John Patrick Shanley’s Outside Mullingar is a romantic comedy, so you can guess the dénouement, but all the fun is in getting there.
Outside Mullingar by John Patrick Shanley. Directed by Gus Kaikkonen. Staged by the Peterborough Players, Peterborough, New Hampshire, through July 26.
By Jim Kates
Rather than fashioned as a seamless garment, John Patrick Shanley’s romantic comedy Outside Mullingar is a bright patchwork quilt of familiar Irish themes and conventions. It begins in the aftermath of a wake, continues with references to conflicts between father and son, family history, and inheritance, and turns on the sociology of Irish men’s reluctance to commit to marriage until middle age and Irish women’s long-suffering manipulation of their menfolk. There’s also a sentimental death-bed confession of previously unspoken love. But, mercifully free of excessive drink, pig-in-the-parlor peasantry, and political references to the Troubles near and far, Outside Mullingar still manages to feel completely up-to-date. This is an Ireland of the Celtic Tiger and easy access to the rest of the world.
But the universal is found within the particular: the play is set between two farms located just outside Mullingar, a town notorious in song and story and a laughing stock for generations as being the dullest, most provincial municipality in the Emerald Isle.
Here, side by side when the curtain goes up, live the recently bereaved Aiofe Muldoon (Dale Hodges) and her daughter Rosemary (Bridget Beirne) on one farm, while Tony Reilly (Michael Page) and his son Anthony (Tom Frey) manage the other. The Reilly farm has been encumbered by a right-of-way that Tony once sold to the Muldoons, a point of irritating contention between the two families when Tony, confronted with the mortality of his neighbor and his own, tries to settle the disposition of his estate.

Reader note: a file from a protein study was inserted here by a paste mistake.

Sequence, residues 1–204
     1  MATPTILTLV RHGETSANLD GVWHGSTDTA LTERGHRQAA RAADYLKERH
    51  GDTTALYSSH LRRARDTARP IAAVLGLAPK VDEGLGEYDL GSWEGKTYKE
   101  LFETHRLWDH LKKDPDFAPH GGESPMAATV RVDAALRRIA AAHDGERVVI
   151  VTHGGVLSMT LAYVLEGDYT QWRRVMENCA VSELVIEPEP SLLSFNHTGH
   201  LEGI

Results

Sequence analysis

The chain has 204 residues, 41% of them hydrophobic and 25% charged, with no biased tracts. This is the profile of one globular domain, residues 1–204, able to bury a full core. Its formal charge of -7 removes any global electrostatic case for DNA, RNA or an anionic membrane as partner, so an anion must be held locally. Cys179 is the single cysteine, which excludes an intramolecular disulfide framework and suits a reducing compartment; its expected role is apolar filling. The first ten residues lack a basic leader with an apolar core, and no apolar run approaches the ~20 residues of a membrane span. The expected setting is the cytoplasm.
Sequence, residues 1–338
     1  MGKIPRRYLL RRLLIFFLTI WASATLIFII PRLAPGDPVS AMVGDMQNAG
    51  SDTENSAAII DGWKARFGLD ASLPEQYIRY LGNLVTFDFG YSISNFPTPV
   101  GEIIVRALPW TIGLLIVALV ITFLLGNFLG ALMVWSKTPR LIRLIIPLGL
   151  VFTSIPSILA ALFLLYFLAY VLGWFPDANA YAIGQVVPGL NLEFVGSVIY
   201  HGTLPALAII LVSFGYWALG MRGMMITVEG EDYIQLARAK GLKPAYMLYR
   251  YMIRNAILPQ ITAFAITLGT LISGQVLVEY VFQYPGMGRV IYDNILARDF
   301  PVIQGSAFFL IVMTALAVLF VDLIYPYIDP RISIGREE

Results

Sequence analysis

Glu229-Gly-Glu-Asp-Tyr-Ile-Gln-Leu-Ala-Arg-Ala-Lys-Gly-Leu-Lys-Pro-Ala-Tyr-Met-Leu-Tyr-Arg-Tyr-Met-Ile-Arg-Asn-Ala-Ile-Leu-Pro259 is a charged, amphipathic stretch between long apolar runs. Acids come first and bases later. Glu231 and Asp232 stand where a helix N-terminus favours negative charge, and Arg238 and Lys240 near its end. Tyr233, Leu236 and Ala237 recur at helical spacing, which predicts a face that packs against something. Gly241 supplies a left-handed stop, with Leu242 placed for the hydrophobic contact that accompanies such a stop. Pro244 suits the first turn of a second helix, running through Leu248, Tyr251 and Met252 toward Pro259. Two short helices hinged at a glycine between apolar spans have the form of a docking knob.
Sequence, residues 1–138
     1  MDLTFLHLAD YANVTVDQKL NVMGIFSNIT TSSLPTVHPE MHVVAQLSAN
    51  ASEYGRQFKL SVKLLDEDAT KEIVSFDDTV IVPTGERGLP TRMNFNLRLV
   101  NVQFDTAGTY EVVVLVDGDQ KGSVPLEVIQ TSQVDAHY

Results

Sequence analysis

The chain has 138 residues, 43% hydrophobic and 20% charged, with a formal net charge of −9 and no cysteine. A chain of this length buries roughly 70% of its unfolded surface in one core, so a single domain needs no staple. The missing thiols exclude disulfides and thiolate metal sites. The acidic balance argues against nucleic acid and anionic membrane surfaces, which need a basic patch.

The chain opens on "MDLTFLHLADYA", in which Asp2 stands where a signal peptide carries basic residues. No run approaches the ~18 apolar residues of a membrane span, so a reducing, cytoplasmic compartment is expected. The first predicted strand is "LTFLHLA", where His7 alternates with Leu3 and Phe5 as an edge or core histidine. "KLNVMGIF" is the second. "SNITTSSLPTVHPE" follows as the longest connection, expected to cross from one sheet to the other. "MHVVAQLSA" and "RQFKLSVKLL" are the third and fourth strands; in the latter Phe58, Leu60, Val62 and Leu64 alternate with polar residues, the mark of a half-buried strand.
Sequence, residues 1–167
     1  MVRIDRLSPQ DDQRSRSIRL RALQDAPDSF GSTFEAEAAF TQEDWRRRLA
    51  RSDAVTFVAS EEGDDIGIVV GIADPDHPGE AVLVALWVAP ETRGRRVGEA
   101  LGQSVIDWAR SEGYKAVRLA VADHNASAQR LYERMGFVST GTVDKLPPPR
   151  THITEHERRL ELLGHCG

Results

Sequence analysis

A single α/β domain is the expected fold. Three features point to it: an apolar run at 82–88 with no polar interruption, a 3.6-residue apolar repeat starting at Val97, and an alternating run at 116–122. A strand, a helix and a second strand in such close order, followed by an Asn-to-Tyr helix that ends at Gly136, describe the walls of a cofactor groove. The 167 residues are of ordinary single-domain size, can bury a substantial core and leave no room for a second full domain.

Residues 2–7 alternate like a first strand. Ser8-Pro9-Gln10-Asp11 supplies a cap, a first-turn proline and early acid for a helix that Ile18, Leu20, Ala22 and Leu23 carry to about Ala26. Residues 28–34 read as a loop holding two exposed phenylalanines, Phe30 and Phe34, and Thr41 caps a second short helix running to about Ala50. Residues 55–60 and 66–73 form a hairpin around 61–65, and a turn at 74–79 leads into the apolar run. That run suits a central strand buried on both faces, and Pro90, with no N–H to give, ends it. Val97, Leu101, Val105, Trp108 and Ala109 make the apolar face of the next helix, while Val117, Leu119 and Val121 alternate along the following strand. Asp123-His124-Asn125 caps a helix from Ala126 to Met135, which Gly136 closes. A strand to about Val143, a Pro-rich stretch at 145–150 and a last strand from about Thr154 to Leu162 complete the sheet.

Rosemary Muldoon is encumbered by a smoldering love for Anthony, hidden under a superficial dislike but obvious to the audience as well as to her mother. Anthony is encumbered by a secret that comes into the open in the last scene and will not be revealed here. Because Outside Mullingar is a romantic comedy, you can guess the dénouement, but all the fun is in getting there.
The first three quarters of the play are a bit hard going in spite of good jokes that generate easy laughter. The comedy comes and goes, but the chief drag on the proceedings is Tom Frey’s Anthony. Call the character what you will — a stick-in-the-mud, a nebbish — the actor playing the part should suggest some spark of energy, some hint of why Rosemary is carrying a torch, some glint of depth that is usually hidden beneath his surface of zero-ness. These layers are very difficult to convey, and Frey doesn’t quite get there. He barely moves, he stands with his hands at his sides, conveying less repression than stagnation.
Page, on the other hand, is a past master of sitting or lying still and communicating inner turmoil rigidly controlled. When he leaves a scene, there is some danger that he will take all of the production’s energy with him. Likewise, Hodges infuses a bit of a dowager presence in her interpretation of the Muldoon widow, neighbor, and mother. Her expression of the character’s inner motivation is more outward, more straightforward than Page’s, but equally commanding.
Beirne begins almost as passively static as Frey, but she slowly becomes more animated. That may be because her character has much less to conceal, and then she risks more and more as the play proceeds, initially in a feisty confrontation with the older Reilly, and later with the son. Beirne’s dramatic task may be easier in theory than Frey’s, but she brings to it a passion that earns our trust. It would have made things easier dramatically had there been more combustible chemistry between her and Frey. Their delivery of their lines bear the burden suggesting the emotion underlying their long struggle not to express emotion.
It can be a warning sign for a production when a set-change garners applause; the scenery should not be upstaging the action. But in Outside Mullingar, Charlie Morgan’s flexible use of the set and the changes demanded by the script complement Gus Kaikkonen’s direction rather than overwhelm it. The impressive visual lead-in to the drama’s final scene is justified. Now, lifted away from the Reilly house to the Muldoon kitchen, both Rosemary and Anthony move to a new rhythm, convey a vastly different sense of urgency, and the comedy takes on new and surprising life. At the end, that almost forgotten right-of-way has been domesticated into a poignant metaphor and we rejoice in the unification of the two households.
Jim Kates is a poet, feature journalist and reviewer, literary translator and the president and co-director of Zephyr Press, a non-profit press that focuses on contemporary works in translation from Russia, Eastern Europe and Asia. His translation of Mikhail Yeryomin: Selected Poems 1957-2009 (White Pine Press) is the winner of the second Cliff Becker Prize in Translation.